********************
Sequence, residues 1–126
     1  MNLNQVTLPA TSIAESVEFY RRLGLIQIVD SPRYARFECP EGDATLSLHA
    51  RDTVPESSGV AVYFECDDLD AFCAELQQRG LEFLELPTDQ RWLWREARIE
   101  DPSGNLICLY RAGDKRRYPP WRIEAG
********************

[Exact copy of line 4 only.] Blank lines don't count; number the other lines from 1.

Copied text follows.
   101  DPSGNLICLY RAGDKRRYPP WRIEAG